We’re talking about government coverup very much along the same lines as once discussed by Donald Keyhoe. I heard John Lear recently say that people should write their congressmen and call for congressional hearings. Wait a minute! We’re back to 1955!

It’s now decades later. We have a lot more facts and are able to identify the major patterns, and they do not fit the extraterrestrial model. What good is it going to do to have congressional hearings about UFOs? It’s not Hangar 18 anymore; it’s Area 51! American ufology has failed to move along with the data. It’s emotionally stuck in the 1950s. I have been attacked for my viewpoint, occasionally fairly viciously.

What did you say that attracted such ire?

It wasn’t just that they disagreed. It was that they laughed down any suggestion, for example, that there might have been descriptions of UFOs in folklore, going back to the ninth century, and so on. The suggestion that there might be psychic phenomena; that there might be phenomena that went beyond the normal extraterrestrial interpretation was something that just couldn’t be tolerated. I’m sorry, but we have to be guided by the data.

If you were to articulate a hypothesis more suited to the current data, what would it be?

I would do it in two stages. One stage is something that I believe I could stand up in front of a committee of scientists and state, and prove – that there is a UFO phenomenon; it is physical, and it is not explained by the classic explanations that we have. Number two is more of a personal hypothesis that I cannot prove, although I could state it in front of the committee as an hypothesis. I believe that the phenomenon is associated with a form of nonhuman consciousness that manipulates space and time in ways we don’t understand.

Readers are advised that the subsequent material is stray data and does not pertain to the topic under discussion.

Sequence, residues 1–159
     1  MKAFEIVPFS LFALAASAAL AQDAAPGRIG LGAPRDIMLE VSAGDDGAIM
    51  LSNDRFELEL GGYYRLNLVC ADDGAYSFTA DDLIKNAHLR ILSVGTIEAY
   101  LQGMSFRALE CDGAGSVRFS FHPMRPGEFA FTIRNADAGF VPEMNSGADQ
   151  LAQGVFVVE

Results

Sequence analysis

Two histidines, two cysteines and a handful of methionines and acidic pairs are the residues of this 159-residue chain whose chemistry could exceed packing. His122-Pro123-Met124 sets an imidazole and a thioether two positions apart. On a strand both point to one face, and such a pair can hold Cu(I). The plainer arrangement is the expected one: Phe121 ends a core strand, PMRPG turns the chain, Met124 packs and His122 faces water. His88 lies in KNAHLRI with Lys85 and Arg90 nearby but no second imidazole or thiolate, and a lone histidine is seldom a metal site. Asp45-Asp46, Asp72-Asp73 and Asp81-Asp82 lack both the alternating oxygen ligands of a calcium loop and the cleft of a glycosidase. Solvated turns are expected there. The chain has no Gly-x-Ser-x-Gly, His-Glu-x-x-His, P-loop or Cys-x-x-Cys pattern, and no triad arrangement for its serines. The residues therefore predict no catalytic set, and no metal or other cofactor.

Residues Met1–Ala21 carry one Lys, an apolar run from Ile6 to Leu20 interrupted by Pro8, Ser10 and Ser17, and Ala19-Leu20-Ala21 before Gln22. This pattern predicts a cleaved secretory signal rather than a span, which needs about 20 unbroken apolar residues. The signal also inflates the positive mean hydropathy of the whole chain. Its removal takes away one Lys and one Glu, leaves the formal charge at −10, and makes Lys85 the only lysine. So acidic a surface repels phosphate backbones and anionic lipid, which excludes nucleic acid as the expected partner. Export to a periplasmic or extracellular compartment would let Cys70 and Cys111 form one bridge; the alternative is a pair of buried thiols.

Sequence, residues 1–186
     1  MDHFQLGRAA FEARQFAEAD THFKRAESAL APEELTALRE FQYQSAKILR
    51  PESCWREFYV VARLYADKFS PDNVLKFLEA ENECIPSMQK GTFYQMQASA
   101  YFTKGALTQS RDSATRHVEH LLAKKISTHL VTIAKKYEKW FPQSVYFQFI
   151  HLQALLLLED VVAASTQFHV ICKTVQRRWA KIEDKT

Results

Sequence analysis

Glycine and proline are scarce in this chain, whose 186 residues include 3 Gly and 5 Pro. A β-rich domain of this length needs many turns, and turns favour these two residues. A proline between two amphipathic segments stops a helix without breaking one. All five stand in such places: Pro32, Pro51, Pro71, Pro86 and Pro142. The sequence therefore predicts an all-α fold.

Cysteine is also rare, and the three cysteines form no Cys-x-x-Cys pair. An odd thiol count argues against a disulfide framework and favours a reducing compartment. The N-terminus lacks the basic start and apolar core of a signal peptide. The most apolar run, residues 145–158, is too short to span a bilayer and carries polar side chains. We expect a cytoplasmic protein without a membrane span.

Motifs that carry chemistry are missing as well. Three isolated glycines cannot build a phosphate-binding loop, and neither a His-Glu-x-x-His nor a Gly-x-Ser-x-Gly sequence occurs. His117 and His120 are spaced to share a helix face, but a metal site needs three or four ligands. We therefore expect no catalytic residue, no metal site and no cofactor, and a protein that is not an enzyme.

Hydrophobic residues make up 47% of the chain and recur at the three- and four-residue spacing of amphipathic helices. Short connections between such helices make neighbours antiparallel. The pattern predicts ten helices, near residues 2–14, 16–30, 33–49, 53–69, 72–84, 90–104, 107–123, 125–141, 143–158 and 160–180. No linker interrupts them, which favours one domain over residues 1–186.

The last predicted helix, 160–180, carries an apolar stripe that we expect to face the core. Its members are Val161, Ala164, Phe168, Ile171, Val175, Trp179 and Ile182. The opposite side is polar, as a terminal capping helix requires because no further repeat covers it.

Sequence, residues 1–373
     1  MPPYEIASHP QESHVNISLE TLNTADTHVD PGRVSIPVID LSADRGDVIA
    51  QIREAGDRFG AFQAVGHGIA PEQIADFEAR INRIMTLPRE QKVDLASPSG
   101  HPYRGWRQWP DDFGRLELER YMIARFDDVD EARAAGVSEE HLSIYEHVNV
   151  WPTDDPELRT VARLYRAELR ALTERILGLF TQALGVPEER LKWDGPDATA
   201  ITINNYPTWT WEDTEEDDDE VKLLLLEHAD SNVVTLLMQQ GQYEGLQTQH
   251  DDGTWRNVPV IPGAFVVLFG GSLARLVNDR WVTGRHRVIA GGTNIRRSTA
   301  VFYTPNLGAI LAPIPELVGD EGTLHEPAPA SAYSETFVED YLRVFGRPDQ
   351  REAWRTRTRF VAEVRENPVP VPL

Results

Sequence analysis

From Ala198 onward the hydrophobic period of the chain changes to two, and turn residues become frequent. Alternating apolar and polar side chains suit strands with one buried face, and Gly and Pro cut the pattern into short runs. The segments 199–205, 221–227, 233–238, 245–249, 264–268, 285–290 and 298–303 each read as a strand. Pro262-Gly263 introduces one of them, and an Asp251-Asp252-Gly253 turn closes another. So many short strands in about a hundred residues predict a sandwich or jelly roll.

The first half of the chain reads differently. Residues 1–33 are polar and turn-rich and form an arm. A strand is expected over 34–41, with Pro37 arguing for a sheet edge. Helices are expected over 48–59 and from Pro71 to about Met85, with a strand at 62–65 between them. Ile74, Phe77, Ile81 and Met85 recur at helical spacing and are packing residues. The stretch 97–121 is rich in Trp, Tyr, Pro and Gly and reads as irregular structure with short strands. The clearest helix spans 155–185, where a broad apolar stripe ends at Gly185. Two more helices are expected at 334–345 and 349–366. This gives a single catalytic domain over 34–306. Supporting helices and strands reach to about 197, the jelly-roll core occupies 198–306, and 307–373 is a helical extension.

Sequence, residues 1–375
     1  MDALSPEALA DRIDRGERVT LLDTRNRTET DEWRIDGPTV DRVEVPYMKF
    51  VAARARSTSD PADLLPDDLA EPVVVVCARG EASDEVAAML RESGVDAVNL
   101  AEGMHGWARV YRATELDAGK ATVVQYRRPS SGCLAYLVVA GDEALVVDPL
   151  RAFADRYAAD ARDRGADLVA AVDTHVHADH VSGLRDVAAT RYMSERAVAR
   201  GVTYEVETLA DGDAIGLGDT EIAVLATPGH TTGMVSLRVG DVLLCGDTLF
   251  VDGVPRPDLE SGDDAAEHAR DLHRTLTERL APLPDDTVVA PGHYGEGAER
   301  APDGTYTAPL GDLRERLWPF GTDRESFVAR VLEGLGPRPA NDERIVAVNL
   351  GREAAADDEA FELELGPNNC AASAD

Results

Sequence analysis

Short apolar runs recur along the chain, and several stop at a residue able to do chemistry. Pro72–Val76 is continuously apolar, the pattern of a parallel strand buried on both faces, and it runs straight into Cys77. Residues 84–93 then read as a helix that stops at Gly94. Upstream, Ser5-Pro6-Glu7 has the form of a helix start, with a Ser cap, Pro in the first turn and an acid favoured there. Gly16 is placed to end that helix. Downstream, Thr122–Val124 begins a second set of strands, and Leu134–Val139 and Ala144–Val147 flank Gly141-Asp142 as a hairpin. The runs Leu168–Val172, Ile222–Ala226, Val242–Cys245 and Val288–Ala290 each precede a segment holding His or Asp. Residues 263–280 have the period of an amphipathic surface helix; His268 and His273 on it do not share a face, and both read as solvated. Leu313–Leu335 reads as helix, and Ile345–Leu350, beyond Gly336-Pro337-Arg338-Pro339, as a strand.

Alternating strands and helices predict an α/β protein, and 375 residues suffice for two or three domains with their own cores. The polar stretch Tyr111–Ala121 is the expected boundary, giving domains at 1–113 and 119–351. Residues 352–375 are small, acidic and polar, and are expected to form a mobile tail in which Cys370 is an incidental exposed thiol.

Where do you think such a consciousness comes from?

If I listen carefully to what the witnesses are telling me – and I want to spend more of my time talking to witnesses, and not to ufologists; the witnesses were there, the ufologists were not – what they tell me is that they observe things that very often come out of nowhere, disappear into nowhere, can shrink on the spot, and change shapes dynamically. Physical objects that merge together, or separate, and so on.

There was a lot of that in the Soviet Union. We have the same thing in the French files and the American files, except very often we sweep it under the rug. If such reports are true, then the objects can be from anywhere, anytime. They could be from another dimension, or a parallel universe – whatever you want to call it.

The vocabulary we have can’t tell the tale.